No limitations, full creative freedom, blank pages. You might just think this is the perfect start for your project to reach full potential. And this is where you might be wrong.
Traditionally, you left the people that needed to be creative completely alone, in order for them to “work their magic”. You wouldn’t want to interfere and spoil the next big, great idea. However, a lot of research shows that there is a balancing act to it. In fact, creativity seems to benefit from certain constraints.
Rosso (2014) explains that creative teams responded better to creativity when faced with constraints related to time, finance and the process itself. He also points out that an abundance of material actually has a ruining effect on creativity, as one can get too comfortable and thus less productive. As he notes:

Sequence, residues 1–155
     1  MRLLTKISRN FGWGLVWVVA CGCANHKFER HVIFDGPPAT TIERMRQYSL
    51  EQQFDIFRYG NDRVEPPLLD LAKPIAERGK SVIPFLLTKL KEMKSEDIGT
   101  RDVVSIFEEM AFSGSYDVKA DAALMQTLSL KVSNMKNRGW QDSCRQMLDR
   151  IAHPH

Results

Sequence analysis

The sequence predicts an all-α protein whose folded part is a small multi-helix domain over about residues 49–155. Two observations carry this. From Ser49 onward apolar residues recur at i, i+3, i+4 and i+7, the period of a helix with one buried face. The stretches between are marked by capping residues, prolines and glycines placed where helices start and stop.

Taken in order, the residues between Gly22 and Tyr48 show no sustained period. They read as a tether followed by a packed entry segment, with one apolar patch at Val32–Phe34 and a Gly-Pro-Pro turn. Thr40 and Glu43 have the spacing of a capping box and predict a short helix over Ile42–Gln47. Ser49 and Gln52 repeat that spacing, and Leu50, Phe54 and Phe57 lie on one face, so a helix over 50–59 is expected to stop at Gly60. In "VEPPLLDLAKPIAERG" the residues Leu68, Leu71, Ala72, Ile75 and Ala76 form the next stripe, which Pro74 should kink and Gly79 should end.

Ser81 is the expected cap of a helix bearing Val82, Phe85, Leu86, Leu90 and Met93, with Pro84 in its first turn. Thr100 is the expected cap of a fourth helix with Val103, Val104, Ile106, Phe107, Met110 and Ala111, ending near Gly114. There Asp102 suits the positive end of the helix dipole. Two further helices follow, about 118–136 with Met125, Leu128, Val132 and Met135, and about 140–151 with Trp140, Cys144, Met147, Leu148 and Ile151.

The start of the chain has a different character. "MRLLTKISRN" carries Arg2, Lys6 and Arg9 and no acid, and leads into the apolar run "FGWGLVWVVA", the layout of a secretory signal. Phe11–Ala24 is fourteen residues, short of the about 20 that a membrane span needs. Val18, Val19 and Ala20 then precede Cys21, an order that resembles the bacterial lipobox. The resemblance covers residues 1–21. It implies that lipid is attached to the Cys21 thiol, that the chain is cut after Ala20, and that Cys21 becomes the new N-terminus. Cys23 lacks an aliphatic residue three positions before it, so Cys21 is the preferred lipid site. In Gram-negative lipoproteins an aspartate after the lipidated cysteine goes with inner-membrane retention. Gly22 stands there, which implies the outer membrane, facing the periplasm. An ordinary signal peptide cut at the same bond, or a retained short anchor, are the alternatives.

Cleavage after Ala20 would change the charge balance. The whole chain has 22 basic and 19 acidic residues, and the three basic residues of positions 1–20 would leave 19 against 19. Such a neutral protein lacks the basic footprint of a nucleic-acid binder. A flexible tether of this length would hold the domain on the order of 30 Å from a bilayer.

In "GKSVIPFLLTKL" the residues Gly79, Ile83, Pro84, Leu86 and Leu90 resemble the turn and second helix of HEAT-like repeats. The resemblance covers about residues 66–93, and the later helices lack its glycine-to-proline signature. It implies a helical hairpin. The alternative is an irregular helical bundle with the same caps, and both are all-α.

When given fewer resources, individuals turn better at problem solving.
These “healthy tensions”seem to work wonders for project based teams, and many view them as a vital duality of the creative process itself. They may act as a catalyst to think different in a more effective way, and thus to come up with something truly original.
Yet there are some factors in order for this constrained creativity to spur: collaboration, communication and the social environment. These three moderators serve as the very foundation for creative motivation. If motivation is there, then you might be witnessing creativity reaching new heights.
Brent D. Rosso: (2014) Creativity and Constraints: Exploring the Role of Constraints in the Creative Processes of Research and Development Teams. Organization Studies. Vol 35. No 4.
Link to abstract here: http://oss.sagepub.com/content/35/4/551.abstract